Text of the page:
Labor Day — so much more than the end of summer
Today we pause from work to observe Labor Day.
Except we don’t. Americans have a certain drive that compels them forward without pause. Our work weeks are not limited to 9 to 5 Monday through Friday with weekends and holidays off.
In the 21st century, some do their shopping while others sleep.
We manufacture goods around the clock.
Public servants in critical areas such as first responders and emergency room staff are always available, always accessible.
Work has come to define us. When we meet a new person, they often ask what we do and we tell them how we make our living.
We live in a day of high competition that pushes us to do more, to be better, to innovate and to create in ways not even imaginable to our predecessors. And who knows where it will lead us?
It is doubtful that those involved in the labor movement over a century ago when Labor Day was born could have envisioned today’s American prosperity.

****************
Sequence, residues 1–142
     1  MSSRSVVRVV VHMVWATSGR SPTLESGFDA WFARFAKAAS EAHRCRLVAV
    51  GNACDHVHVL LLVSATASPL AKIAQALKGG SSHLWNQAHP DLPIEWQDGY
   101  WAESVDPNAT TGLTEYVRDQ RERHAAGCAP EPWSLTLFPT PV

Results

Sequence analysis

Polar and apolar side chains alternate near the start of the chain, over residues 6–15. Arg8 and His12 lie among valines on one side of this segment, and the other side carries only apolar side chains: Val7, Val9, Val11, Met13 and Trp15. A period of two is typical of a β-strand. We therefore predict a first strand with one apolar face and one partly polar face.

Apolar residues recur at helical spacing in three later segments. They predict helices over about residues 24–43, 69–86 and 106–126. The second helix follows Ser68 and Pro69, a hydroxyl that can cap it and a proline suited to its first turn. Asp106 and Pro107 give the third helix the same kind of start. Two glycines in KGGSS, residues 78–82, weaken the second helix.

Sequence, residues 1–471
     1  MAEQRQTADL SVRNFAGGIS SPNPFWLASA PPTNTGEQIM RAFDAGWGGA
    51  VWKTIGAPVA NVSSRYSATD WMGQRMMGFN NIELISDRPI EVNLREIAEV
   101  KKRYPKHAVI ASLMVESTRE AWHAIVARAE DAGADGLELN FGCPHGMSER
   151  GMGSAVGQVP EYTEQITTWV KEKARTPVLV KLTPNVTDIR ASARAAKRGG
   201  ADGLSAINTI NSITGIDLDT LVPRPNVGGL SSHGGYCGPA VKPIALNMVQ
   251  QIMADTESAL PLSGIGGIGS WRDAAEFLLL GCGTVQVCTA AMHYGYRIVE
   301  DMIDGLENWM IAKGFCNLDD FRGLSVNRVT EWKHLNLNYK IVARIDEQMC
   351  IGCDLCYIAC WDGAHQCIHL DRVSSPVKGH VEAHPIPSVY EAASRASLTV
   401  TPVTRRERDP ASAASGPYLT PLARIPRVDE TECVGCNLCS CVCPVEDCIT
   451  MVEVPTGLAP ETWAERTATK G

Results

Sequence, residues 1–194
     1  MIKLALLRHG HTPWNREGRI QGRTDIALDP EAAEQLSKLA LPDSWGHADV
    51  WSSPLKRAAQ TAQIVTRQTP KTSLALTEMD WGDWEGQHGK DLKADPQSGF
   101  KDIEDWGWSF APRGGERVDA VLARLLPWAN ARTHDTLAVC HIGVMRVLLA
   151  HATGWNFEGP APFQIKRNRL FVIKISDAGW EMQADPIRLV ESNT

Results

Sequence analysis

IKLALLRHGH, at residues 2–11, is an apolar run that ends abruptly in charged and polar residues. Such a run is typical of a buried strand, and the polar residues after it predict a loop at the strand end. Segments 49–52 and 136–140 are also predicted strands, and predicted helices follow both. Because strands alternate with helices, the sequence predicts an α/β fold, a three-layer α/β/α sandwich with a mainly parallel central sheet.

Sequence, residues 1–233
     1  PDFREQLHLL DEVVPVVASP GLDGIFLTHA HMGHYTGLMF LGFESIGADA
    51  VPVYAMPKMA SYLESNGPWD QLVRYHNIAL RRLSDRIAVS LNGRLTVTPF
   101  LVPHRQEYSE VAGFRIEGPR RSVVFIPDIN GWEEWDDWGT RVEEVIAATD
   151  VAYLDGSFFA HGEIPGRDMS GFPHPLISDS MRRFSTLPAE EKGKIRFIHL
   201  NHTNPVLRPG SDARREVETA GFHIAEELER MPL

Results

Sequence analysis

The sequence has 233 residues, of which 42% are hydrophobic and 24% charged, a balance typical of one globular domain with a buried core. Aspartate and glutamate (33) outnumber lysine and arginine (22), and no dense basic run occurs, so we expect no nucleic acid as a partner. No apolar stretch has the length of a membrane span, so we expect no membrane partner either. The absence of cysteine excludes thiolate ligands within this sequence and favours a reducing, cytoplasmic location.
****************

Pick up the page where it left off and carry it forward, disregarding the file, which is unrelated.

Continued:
Indeed, we owe the American worker for much of the nation’s strength, freedom and leadership and for the realization of the highest standard of living the world has ever known.
Labor Day was signed into law on June 28, 1894, by President Grover Cleveland to recognize the social and economic achievements of American workers.
The holiday originally was observed with parades and picnics, speeches and even cigars and “lager beer kegs … mounted in every conceivable place” during the first Labor Day in New York City, according to the U.S. Department of Labor.
Picnics, at least, continue to be part of today’s Labor Day tradition, and the holiday has come to signal the end of summer, often spent with family and friends.
So take the day off, if you may; throw one last burger of summer on the grill.
And somewhere along the way, take a moment to appreciate why we honor this day and remember those who toiled in years gone by to make our working life better.